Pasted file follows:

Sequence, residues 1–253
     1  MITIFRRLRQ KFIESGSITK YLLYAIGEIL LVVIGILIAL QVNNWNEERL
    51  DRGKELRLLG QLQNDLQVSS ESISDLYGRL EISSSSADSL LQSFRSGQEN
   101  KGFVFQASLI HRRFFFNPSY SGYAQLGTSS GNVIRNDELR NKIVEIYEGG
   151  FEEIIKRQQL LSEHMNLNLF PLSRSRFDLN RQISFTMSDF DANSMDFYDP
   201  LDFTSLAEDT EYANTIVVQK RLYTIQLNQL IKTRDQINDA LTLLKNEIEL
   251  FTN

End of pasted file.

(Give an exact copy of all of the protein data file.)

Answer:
Sequence, residues 1–253
     1  MITIFRRLRQ KFIESGSITK YLLYAIGEIL LVVIGILIAL QVNNWNEERL
    51  DRGKELRLLG QLQNDLQVSS ESISDLYGRL EISSSSADSL LQSFRSGQEN
   101  KGFVFQASLI HRRFFFNPSY SGYAQLGTSS GNVIRNDELR NKIVEIYEGG
   151  FEEIIKRQQL LSEHMNLNLF PLSRSRFDLN RQISFTMSDF DANSMDFYDP
   201  LDFTSLAEDT EYANTIVVQK RLYTIQLNQL IKTRDQINDA LTLLKNEIEL
   251  FTN